Legal expert Professor Helen Stafford of the University of Liverpool considers that the EU regulatory framework has provided ‘…a much-needed, co-ordinated response’ to the complex transnational problem of child protection (although she notes that in practice, implementation at national level can be a lengthy process and is subject to national interpretation). In her view however, the EU child protection Directives have been extremely important for integrating many piece-meal requirements and in imposing legal obligations which can be enforced at the domestic level. A key strength of EU child protection provision is not just the content of the measures themselves, but the accompanying accountability mechanisms.

The EU has also introduced a raft of ‘non-legislative measures’ for tackling child abuse and sexual exploitation and these have also proved to be effective according to Professor Stafford. They are an important source of support for Member States and include:

  • EUROPOL’S European Cybercrime Centre set up in 2013 to strengthen the law enforcement response to cybercrime in the EU and help protect European citizens, businesses and governments from online crime.
  • The European Commission’s Strategy for a Better Internet for Children brings together the European Commission and Member States with mobile phone operators, handset manufacturers and providers of social networking services and aims to help children acquire the digital skills to benefit safely from use of the internet.
  • The European Framework for Safer Mobile Use by Younger Teenagers and Children was set up to help ensure that children can safely access content on their mobile phones. Codes of conduct on safer mobile use have been put in place by mobile phone operators in 27 EU Member States.
  • The EU also supports a range of initiatives involved in the cross-national gathering and exchange of information. Eurojust, is the EU’s judicial cooperation unit. Its mission (defined in the Lisbon Treaty) is to support and strengthen coordination and cooperation between national investigating and prosecuting authorities in relation to serious crime affecting two or more Member States.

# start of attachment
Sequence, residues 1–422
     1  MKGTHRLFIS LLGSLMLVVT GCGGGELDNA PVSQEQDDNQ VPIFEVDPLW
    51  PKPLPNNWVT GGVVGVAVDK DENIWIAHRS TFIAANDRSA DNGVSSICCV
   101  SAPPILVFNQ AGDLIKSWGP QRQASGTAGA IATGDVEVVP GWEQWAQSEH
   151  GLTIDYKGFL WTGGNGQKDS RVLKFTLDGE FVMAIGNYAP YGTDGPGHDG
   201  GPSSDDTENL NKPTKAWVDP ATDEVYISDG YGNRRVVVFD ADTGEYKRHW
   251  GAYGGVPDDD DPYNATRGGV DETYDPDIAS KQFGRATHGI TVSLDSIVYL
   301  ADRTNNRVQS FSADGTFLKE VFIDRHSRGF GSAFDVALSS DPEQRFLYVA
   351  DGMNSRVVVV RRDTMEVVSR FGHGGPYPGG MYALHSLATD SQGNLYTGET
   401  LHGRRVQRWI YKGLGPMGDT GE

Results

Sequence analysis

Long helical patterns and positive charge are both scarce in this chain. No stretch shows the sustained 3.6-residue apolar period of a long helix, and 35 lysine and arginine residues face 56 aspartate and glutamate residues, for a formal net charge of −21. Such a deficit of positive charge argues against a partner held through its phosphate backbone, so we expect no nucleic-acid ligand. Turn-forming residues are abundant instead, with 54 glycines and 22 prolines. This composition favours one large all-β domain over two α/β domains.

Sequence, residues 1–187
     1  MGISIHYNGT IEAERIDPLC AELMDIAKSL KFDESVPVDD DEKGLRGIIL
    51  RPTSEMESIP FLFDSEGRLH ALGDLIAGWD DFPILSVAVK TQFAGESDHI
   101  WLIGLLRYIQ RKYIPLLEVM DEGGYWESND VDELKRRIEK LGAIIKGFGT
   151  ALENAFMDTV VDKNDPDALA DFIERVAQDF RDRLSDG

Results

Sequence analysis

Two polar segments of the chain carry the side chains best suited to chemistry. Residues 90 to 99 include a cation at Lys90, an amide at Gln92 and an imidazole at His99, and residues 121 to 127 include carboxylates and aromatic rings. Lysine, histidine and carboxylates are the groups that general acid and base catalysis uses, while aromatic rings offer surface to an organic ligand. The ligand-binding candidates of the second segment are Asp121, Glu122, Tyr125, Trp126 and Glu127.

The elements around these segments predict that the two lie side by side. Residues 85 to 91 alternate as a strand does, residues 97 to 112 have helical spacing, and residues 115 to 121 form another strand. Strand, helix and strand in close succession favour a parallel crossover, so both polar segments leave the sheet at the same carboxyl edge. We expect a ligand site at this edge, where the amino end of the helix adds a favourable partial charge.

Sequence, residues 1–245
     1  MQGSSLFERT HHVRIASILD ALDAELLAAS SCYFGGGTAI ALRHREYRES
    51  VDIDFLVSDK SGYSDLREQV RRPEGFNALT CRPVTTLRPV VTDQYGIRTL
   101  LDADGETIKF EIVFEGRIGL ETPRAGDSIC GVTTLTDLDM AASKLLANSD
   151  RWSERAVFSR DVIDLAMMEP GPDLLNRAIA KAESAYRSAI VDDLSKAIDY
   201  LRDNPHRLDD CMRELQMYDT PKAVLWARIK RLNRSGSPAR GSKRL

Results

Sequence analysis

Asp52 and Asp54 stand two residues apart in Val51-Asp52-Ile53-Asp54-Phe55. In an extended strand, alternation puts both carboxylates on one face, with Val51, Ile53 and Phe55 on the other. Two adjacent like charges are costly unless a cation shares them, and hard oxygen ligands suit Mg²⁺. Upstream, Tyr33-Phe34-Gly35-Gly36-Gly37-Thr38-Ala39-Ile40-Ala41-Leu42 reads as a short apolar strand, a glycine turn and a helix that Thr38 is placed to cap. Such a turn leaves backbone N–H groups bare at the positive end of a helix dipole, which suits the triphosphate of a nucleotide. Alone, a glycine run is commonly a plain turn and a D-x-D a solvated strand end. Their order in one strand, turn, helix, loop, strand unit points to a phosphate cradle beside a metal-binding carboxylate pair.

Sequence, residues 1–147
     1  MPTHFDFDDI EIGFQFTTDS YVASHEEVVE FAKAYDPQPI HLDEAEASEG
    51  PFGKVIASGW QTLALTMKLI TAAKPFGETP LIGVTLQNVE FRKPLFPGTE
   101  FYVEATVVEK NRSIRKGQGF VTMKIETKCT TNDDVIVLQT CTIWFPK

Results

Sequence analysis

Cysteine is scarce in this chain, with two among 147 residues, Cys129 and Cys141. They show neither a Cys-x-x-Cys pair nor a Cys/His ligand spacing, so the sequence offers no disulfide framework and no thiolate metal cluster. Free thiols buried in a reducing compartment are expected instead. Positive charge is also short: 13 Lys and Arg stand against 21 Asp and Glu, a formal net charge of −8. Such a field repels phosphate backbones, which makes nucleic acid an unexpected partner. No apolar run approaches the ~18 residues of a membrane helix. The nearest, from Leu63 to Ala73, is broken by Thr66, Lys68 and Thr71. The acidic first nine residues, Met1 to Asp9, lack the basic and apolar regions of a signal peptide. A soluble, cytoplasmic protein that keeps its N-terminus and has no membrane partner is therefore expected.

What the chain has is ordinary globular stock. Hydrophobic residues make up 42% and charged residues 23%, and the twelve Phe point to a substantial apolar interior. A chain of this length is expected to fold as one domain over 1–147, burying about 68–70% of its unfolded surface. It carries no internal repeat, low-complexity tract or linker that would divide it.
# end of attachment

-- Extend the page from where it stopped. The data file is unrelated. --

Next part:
• The Daphne Programme, established by the European Parliament and the Council, since 2000 has funded a range of child protection activities. The focus of the current (Daphne III) programme is on assisting and encouraging NGOs and other organisations active in child protection, awareness raising, knowledge exchange and good practice guidance, support programmes for victims and children at risk and intervention programmes for perpetrators.

The EU Fundamental Rights Agency’s most recent annual report says that child protection remains a central issue for the EU, including protection in the digital world. Despite Member State efforts, violence against children remains largely undetected and under-reported. Effective child protection will continue to require interagency coordination, an integrated approach and cooperation between various actors.